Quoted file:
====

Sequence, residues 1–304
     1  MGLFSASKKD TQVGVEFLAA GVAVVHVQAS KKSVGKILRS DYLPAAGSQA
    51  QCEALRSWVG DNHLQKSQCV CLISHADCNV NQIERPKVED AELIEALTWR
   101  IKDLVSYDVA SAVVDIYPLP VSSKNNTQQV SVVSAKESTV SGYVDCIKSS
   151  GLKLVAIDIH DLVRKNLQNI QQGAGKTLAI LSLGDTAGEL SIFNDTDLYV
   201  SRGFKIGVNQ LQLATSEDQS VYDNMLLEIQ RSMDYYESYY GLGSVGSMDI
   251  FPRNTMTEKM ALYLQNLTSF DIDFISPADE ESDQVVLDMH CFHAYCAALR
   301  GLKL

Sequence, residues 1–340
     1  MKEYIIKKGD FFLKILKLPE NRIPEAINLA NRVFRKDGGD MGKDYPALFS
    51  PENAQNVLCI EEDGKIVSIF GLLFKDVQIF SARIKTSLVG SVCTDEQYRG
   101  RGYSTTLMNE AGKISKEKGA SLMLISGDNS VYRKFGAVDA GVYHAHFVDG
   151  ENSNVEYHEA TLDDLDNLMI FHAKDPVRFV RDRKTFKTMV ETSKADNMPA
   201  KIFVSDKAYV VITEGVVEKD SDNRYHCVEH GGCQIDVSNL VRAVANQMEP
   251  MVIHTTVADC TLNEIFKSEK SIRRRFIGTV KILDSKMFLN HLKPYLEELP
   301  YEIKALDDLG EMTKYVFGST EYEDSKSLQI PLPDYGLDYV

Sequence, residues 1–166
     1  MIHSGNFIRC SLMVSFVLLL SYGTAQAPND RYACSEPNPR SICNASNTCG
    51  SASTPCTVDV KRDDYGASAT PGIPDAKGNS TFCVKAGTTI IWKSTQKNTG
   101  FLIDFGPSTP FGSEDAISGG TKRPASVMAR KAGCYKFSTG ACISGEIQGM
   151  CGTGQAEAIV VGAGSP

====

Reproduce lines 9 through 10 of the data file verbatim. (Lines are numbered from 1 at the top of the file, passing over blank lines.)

Sequence, residues 1–340
     1  MKEYIIKKGD FFLKILKLPE NRIPEAINLA NRVFRKDGGD MGKDYPALFS